According to MOVE team member Laura Schewel, a Smart Garage car share is a likely follow-up project. "Car shares are a great match for the Smart Garage business proposition: they drive more miles per day (and since this depends on operational savings, that's a big deal) they expose a lot of people to the new technology, and they already have a model that utilizes dedicated parking spots (which could become dedicated charge spots)."

And the system has potential to change the way we interact with our neighbors, as well:

"Families with the PHEVs/EVs will be able to power the neighborhood in case of a black-out," Schewel says. "Today, some regions have municipally owned electricity utilities. If you neighborhood has solar panels and some wind, and xEVs, in the long run, one can imagine see micro-utilities at the neighborhood scale. This is a LONG way off but it is a potential outcome."

Early iterations, within 2 to 5 years, are even expected to incorporate the use of smart-charging technology in a plan known as V1G, which will allow consumers and utilities to work from both ends to lessen peak power loads and direct, for example, wind power – which is often strongest at night – to charge cars at night, when they are usually parked anyway (the charging process takes only a total of 5 hours). In the more distant future, Vehicle-to-Grid (V2G) bidirectional battery technology will allow cars to soak up energy at night "and give it back at 3pm when the demand is high," says Schewel.

This is all much more than imaginative talk. RMI is moving quickly, and their next phase is to create test markets in a sampling of 20 U.S. cities, with the goal of anticipating and working through the kinks in as many different environments – different climates, different population densities, different commuter patterns, etc. – as possible. According to Schewel, RMI will have a document of recommendations and analysis for what cities they can do written by the end of the year, and three initial cities lined up by mid-January. She says Portland is a very likely partner. (For more updates on this program, check regularly here.)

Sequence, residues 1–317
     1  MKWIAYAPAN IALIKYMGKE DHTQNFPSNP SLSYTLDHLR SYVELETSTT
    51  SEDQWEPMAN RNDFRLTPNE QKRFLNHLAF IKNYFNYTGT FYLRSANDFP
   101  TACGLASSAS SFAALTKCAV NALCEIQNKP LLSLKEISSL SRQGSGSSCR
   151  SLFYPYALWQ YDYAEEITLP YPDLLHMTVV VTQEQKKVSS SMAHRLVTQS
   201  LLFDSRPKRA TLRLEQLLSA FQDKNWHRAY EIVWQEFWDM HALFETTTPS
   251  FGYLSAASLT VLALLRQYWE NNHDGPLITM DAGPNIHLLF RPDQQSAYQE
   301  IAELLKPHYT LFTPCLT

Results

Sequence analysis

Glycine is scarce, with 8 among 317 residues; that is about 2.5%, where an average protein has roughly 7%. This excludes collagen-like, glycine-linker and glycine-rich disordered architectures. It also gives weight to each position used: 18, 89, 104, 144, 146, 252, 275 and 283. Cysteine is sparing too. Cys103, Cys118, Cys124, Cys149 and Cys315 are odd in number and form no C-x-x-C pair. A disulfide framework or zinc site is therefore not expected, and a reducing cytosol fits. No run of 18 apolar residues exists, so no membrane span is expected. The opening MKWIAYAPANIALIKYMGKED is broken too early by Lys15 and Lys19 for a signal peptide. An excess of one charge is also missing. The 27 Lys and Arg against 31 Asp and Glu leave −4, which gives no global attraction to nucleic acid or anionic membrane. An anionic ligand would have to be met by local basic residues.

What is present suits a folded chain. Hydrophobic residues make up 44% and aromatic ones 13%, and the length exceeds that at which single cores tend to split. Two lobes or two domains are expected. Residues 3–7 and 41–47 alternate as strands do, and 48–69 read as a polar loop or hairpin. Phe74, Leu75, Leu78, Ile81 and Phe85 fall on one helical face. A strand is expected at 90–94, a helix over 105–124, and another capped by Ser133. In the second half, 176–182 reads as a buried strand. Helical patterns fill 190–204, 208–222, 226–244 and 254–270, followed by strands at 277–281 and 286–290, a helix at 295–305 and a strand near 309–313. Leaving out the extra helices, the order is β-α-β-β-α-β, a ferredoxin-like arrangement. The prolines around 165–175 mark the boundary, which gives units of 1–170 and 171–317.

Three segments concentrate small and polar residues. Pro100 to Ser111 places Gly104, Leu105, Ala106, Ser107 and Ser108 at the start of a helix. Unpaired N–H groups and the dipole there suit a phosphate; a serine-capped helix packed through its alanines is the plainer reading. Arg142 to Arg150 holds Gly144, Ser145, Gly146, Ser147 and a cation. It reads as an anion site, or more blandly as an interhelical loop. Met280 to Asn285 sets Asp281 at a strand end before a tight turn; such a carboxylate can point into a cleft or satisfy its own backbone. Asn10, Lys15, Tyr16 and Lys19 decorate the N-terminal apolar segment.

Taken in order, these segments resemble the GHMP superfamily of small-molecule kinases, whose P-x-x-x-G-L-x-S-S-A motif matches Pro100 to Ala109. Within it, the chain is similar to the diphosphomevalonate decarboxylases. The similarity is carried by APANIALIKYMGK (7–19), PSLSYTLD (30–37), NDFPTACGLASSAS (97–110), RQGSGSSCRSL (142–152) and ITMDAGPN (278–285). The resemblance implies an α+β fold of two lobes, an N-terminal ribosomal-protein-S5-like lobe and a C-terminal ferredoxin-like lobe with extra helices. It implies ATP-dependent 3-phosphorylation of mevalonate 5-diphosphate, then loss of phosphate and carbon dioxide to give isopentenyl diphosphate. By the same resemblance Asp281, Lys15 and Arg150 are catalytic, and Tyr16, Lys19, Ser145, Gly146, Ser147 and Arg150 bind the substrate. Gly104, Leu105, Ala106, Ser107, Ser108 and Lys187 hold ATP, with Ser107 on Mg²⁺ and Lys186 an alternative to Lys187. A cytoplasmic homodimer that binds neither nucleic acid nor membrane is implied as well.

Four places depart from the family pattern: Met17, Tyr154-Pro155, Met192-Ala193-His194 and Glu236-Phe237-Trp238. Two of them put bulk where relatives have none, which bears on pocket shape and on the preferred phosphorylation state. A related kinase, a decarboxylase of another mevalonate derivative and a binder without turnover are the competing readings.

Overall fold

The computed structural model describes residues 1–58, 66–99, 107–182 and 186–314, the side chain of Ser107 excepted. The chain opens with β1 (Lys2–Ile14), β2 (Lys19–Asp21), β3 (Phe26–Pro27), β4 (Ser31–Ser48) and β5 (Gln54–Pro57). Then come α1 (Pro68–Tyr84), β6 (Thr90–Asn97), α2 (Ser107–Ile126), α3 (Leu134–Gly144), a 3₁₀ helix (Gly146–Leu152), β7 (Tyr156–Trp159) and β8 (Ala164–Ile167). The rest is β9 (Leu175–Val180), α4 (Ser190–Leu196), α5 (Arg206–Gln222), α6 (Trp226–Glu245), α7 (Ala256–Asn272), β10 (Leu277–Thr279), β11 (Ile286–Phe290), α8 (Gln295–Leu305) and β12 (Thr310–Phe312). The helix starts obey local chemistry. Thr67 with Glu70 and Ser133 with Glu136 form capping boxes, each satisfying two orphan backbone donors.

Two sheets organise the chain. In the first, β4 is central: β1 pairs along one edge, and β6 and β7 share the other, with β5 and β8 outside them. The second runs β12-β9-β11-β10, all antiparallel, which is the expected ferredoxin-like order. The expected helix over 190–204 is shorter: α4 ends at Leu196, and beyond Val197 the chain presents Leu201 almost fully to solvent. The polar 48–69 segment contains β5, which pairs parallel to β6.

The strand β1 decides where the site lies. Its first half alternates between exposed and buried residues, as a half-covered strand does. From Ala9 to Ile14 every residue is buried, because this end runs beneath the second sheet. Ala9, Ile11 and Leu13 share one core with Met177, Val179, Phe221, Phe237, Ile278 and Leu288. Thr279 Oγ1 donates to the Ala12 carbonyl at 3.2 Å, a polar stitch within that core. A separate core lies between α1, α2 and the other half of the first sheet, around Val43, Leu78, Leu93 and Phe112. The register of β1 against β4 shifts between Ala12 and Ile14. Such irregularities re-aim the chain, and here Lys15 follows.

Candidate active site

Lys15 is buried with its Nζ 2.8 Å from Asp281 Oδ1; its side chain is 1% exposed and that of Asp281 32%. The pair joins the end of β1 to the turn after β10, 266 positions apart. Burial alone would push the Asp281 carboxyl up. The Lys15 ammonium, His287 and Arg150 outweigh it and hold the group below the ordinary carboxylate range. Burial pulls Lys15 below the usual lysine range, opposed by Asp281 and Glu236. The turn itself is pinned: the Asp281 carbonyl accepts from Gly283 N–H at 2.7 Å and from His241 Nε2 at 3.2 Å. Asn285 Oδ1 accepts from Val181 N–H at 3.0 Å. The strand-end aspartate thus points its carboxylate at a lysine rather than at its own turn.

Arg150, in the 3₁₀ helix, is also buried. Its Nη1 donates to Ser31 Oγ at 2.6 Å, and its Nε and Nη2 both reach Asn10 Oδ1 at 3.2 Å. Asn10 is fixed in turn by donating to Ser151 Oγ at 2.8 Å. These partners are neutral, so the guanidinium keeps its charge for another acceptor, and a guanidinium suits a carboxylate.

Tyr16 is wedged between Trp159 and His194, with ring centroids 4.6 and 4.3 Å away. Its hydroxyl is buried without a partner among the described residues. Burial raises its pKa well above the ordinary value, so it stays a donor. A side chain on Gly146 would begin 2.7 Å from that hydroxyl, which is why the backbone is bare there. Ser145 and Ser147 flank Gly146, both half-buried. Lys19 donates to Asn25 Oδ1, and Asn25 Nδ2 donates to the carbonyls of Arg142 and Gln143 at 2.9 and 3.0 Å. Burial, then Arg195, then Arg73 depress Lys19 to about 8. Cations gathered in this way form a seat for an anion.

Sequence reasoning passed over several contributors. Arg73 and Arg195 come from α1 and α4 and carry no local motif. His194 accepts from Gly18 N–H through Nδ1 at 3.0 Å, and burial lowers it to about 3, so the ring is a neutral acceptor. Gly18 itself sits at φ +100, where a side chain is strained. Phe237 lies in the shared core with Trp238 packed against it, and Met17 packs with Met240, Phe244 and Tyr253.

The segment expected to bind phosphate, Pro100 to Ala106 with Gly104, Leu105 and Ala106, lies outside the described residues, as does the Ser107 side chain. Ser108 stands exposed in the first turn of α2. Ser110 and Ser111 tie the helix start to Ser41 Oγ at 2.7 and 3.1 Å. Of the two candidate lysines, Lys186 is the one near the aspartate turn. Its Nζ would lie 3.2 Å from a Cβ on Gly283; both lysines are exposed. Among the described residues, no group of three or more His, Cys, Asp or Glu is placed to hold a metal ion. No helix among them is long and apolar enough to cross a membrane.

The cost of the new infrastructure proposed at Smart Garage is high: in the hundreds of billions of dollars, according to one participant. But the team seems certain that once the investment is made, the return will be positive. And the benefits are linked to broader problems that still need solutions: a more secure and localized energy infrastructure, and shaving peak demand in general, particularly as we make the necessary transition away from fossil fuels.

The Smart Garage group agreed that consumer confidence will play a key role in hastening the development of the new technologies and systems that will make these programs real. Transitional technologies, like hybrid vehicles, are already helping to boost consumer awareness of the possibilities beyond cars that run on oil, and that's a step in the right direction. As David Bieselin, director of communications at Cisco Systems, put it, there is still a lot of work to be done to educate and inform consumers that integrated technologies will one day perform better for them than the ones that they're used to: "We need to make sure that consumers know that green doesn't equal hardship."